what to do if your child is talking to an unsafe person
Children, especially when they near their teenage years, can become far more daring and curious than they might have been in their younger years (though this is not true for all).
Unfortunately, this curiosity, combined with an invincible attitude, can cause adolescents to take risks and explore territory that really should be left uncharted.
Risk taking used to manifest solely in the form of audacious adventuring into the physical world. As of late adolescents are not only posed the dangers that come with being unsafe in the real world, they are now faced with a complete virtual world that really can be just as dangerous.
In the physical world, there is almost always a running dialogue with children about how they can and should behave to protect themselves:
‘Look both ways before you cross the street,’ ‘do not speak to strangers,’ ‘do not play with matches,’ ‘do not walk behind a moving car,’ ‘do not drink and especially do not drink and drive.’
As our world becomes more and more virtual with each passing day, it is crucial to ensure that you have a similar running conversation with your child about online safety. For tips see our Online Safety section.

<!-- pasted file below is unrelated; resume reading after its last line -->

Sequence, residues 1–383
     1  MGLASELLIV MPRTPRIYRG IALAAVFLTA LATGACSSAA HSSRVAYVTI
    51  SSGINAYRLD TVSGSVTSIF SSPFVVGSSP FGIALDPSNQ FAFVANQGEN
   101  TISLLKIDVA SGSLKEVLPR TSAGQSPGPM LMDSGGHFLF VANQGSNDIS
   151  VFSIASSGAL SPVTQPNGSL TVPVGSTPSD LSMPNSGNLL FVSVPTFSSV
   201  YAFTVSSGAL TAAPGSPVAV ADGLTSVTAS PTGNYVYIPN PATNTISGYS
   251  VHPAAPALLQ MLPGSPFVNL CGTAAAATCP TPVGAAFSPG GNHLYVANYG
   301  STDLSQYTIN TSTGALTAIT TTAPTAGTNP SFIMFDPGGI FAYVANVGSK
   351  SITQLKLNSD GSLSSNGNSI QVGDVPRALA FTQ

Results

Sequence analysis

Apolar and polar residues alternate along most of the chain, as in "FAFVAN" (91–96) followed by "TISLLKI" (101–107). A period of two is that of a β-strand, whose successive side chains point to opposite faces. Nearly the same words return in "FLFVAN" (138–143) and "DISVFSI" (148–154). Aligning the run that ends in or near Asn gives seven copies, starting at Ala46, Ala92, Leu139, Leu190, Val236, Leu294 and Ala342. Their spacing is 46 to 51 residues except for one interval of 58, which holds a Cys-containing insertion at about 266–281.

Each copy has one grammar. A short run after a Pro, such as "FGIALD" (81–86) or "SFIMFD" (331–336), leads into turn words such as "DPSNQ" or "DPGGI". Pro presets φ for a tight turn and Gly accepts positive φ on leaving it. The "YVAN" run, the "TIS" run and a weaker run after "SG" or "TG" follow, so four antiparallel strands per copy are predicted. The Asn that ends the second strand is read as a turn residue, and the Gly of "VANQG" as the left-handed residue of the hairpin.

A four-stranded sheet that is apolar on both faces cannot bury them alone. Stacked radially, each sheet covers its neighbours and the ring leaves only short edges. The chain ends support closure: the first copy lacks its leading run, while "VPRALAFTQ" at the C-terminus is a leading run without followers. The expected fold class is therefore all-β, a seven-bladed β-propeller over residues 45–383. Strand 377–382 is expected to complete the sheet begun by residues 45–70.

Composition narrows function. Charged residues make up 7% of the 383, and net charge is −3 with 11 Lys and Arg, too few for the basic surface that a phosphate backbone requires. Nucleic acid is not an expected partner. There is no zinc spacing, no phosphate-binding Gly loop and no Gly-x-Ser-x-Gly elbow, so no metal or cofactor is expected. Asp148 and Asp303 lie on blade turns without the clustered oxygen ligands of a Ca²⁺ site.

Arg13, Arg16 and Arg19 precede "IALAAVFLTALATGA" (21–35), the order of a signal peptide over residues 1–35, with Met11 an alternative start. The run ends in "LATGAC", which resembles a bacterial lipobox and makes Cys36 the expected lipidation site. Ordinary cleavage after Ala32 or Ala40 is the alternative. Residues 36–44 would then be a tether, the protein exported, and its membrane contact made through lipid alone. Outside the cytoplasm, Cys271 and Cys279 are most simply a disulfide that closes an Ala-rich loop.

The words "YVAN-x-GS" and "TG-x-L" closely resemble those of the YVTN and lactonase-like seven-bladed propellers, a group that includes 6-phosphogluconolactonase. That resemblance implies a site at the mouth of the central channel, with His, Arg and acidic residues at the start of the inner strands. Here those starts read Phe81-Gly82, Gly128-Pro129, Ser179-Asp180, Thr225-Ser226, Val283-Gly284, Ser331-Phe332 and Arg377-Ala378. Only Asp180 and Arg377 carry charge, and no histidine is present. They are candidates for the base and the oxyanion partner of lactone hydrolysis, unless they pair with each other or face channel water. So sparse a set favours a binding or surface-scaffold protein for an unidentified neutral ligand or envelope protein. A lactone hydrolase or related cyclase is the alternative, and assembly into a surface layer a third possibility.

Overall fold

For predators, online groomers, and online recruiters, the internet has given them almost unlimited access to their target audience as well as an excellent conduit to accomplish their objectives. Many adolescents likely don’t fully appreciate how much anonymity the internet provides. Anyone, particularly a technology savvy adult, can quickly create a full user profile complete with a name, pictures, location, and school. Frighteningly, these individuals can be quite convincing.
The average teenager is now spending upwards of 9 hours a day on the internet or on their mobile device, which is situationally optimal for online recruiters. When a child is being radicalized they will be showered with attention or in connection with their recruiter very often. This is done quite purposefully on part of the recruiter. Remaining in constant contact with their ‘recruitee’ allows them to:
· Fill an emotional void that they may seek to fill within the child. (Doing this will make the child easier to manipulate, and likely far more willing to continue the relationship with the recruiter)
· Isolate them from their physical lives by keeping them attached to technology.
· Hasten the indoctrination process.
(For more specific radicalization signs please see our How to Spot Signs of Radicalization section)
If your child is increasingly becoming more engrossed with their phones or computers, it does not necessarily mean that they are speaking to people that they should not be, but it is suggested to take a more preventative approach to ensure that an unnecessary situation does not escalate:
1. As soon as your child begins using the internet alone, check their devices’ history from time to time.